Soon, his Uncle Claudiothe son with a fat police file who has hurt his mother so many timesis back in the house. Determined to make a man of his nephew, he takes the boy to the gym and shows him how to use free weights and become bigger and stronger. Meanwhile, Abraham's feelings for his friend Ophelia grow, and she tries to understand why he fights. “This will end badly,” she warns. “Nothing good can come from this.”
At school, Abraham learns about genetics, and he wonders if people are born bad. Is it in their DNA? Was he born to punch and kick and scream and fight and destroy things because of the genes in his body? Is that what happened to his father? All he knows is that his father is dead and his mother is gone. In Joe Jiménez's striking debut novel for teens, a young man struggles with his family's refusal to talk about the violence that has plagued it and what it means to become a man. Does a boy need a father to become a good man?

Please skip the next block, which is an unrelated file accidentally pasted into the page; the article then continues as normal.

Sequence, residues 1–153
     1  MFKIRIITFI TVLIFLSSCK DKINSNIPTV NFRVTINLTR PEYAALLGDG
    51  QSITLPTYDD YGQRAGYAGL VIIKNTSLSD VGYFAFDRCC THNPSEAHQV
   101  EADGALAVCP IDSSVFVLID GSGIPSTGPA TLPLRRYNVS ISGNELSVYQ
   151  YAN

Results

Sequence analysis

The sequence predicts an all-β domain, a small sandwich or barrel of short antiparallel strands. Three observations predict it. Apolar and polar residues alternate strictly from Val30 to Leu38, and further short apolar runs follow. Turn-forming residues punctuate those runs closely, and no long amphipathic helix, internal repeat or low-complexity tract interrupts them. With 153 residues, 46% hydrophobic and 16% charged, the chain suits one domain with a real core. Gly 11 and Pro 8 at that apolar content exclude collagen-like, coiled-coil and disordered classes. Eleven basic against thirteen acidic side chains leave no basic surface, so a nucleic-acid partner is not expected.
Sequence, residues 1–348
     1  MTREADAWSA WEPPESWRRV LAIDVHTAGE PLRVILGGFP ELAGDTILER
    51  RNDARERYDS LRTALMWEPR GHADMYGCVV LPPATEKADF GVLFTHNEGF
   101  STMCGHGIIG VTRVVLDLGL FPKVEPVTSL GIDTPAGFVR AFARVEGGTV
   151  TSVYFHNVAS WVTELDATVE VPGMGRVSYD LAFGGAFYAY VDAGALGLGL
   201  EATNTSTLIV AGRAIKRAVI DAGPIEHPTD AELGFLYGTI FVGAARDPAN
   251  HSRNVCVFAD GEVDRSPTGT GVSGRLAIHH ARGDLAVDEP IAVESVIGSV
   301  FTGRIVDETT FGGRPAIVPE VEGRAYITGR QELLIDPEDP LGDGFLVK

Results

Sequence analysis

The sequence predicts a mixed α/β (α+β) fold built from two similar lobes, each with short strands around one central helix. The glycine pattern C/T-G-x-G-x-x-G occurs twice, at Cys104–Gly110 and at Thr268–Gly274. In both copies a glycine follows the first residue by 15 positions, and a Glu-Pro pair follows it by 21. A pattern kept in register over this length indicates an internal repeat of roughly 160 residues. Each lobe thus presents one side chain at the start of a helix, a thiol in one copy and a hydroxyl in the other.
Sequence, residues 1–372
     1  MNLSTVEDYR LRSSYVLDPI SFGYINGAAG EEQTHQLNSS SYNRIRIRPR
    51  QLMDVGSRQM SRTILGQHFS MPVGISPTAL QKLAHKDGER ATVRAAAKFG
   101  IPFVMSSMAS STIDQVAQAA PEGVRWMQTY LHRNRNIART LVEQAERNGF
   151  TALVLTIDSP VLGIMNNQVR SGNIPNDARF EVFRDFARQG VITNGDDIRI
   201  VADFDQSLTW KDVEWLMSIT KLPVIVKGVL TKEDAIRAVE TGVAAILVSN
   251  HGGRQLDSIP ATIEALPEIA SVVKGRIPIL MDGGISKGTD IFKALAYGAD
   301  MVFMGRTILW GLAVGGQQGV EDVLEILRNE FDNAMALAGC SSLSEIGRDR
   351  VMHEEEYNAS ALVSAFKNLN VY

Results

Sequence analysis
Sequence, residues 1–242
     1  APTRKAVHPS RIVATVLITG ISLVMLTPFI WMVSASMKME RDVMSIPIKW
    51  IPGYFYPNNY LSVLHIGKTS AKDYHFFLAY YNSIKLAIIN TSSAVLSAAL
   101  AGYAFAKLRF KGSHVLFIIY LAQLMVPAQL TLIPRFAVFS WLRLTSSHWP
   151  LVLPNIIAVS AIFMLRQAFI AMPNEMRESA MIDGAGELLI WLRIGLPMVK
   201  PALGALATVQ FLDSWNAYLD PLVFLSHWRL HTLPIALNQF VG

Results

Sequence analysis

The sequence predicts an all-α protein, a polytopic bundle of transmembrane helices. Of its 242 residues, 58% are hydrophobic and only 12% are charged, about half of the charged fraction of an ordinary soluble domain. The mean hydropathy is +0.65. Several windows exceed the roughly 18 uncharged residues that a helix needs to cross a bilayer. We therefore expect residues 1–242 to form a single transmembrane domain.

What People are Saying About This
“Joe Jiménez extiende chingazos unafraid and painfully poetic in this story of love, loss and family. I constantly felt a tension waiting for the collapse of Abram and his world; wanting to shield my eyes but not being able to. In Bloodline everything is beautiful and everything hurts, as it is whenever we chase that kind of truth and love that is always within our reach but still too far away.” --Isabel Quintero, author of Gabi, A Girl in Pieces
“Joe Jiménez's writing has astonished me and made me sit up and pay attention since the first time I heard him read his work out loud. He continues to make me yearn to hear what he has to say in a voice that is at once masculine, tender, brave and beautiful. I am his longtime fan.” --Sandra Cisneros, poet, essayist, novelist